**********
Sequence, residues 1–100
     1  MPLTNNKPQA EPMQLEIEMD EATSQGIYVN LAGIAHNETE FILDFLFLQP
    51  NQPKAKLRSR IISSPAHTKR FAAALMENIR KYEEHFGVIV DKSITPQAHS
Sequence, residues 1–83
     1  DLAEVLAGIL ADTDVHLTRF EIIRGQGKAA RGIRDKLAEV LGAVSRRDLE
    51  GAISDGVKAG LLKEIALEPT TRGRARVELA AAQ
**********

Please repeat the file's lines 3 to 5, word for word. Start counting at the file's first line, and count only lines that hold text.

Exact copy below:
    51  NQPKAKLRSR IISSPAHTKR FAAALMENIR KYEEHFGVIV DKSITPQAHS
Sequence, residues 1–83
     1  DLAEVLAGIL ADTDVHLTRF EIIRGQGKAA RGIRDKLAEV LGAVSRRDLE